A increasing number of Americans want Congress to prioritize marijuana legalization. Federal legislators, particularly Democrats, would be well to listen to them.
President Biden made a step in the right direction yesterday by announcing pardons for people with federal convictions for simple marijuana possession and called for a reconsideration of how marijuana is classified under federal law, but these initiatives, although commendable, do not go far enough for voters.
Specifically, polling data released this week by Morning Consult/Politico finds that nearly half of registered voters say that it should be either a “top priority” or an “important priority” for Congress to “pass a bill to legalize marijuana.”
Cannabis legalization is especially important to younger voters and Democrats. More over half of those between the ages of 18 and 44 agreed that Congress should prioritize the matter. 54 percent of registered Democrats of any age felt that politicians should prioritize legalization. One-quarter of Democrats believe it should be one of the “top” objectives of Congress.
The poll is far from the first one to identify legalization as a top political priority for respondents. According to YouGov.com survey data, the majority of Americans support a variety of marijuana-specific legislative reforms, including efforts to expunge the records of those with prior cannabis convictions and to allow banks and other financial institutions to provide services to state-licensed marijuana businesses more easily. Sixty percent of those questioned said Congress should take efforts to make “marijuana legal in the United States,” including 72 percent of Democrats.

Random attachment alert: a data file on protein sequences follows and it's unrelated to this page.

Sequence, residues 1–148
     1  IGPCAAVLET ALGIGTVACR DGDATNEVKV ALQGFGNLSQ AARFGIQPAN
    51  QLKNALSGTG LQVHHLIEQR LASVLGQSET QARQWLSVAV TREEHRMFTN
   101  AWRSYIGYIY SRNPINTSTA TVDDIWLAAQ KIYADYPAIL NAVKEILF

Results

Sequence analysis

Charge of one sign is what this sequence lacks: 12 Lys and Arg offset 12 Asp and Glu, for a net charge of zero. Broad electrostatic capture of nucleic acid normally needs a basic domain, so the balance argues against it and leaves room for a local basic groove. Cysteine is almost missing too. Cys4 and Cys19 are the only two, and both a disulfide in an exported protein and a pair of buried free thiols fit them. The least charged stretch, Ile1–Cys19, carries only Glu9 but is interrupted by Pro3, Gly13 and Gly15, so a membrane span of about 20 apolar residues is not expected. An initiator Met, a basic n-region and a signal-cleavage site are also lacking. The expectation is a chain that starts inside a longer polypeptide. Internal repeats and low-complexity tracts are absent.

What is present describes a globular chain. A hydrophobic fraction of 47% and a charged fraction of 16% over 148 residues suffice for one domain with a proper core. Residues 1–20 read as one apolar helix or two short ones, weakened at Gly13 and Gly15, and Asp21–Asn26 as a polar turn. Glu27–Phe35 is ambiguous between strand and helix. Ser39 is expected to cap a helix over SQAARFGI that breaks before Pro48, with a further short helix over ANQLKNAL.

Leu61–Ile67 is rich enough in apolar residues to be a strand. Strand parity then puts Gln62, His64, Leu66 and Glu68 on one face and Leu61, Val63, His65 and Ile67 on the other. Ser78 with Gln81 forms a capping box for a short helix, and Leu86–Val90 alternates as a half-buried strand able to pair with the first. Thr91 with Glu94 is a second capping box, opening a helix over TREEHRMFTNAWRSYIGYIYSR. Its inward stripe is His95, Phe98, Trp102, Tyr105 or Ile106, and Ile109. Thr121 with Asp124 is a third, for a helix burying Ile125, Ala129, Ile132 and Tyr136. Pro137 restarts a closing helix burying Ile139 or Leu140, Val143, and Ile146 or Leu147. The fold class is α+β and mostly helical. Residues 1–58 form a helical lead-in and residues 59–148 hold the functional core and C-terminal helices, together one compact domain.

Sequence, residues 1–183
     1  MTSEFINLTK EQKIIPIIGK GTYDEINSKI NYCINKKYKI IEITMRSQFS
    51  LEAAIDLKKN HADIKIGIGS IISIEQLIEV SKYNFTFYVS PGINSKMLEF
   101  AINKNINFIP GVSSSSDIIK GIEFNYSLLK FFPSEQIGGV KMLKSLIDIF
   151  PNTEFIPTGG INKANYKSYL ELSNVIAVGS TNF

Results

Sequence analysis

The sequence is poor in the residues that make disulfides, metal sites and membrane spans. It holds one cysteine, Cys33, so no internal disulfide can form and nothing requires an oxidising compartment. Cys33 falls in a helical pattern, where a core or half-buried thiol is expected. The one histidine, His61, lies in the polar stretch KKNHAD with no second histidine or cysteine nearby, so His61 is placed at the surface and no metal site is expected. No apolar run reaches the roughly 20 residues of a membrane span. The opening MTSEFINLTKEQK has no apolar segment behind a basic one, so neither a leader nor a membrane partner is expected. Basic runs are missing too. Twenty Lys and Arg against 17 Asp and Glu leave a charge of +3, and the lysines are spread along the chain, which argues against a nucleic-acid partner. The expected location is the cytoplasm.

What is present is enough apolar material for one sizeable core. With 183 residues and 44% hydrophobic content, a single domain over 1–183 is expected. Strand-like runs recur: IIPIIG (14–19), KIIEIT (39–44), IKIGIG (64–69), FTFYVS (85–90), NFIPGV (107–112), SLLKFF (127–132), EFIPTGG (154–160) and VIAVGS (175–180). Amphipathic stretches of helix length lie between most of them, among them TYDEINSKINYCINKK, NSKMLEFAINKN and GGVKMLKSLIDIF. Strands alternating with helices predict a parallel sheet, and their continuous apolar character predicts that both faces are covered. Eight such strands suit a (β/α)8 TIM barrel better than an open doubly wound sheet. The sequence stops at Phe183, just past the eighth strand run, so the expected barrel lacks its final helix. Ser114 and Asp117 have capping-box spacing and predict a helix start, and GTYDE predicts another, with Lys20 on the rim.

Another Morning Consult/Politico survey, taken in April, found that the majority of younger people, Democrats, and African Americans feel that “passing a bill to legalize marijuana” should be one of Congress’ top priorities.
However, most elected officials have yet to get this message. Indeed, according to a recent Brookings Institution survey, the majority of candidates running for federal office this fall have refused to openly weigh in on marijuana legalization.
The Brookings study’s authors examined the publicly stated beliefs of over 2,300 candidates competing in U.S. congressional primaries. According to them, the majority of candidates (86 percent) “either made no mention, staked out an unclear position, or explicitly opposed cannabis reform.”
The continued quiet and inactivity of congressional politicians on this problem is a huge political blunder. It’s also a missed opportunity to reach a broad range of voters. This is due to the fact that, in this day and age of hyper-partisan politics, cannabis legalization is one of the few causes that appeals to voters across party lines. According to Quinnipiac University polls, 69 percent of Americans — including 78 percent of Democrats, 67 percent of independents, and 62 percent of Republicans — feel that “the use of marijuana should be made legal.”
Above all, eliminating marijuana prohibition would align federal law with America’s fast changing cultural and legal context. Nineteen states currently legalize and regulate adult-use marijuana, with the majority allowing access for medicinal purposes. This figure is expected to rise after November, when voters in five other states decide on legalizing at the ballot box.
Politicians’ inability to act in such circumstances is not just terrible policy, but also bad politics.
President Biden took the first step yesterday by taking administrative action. Congress must now follow suit.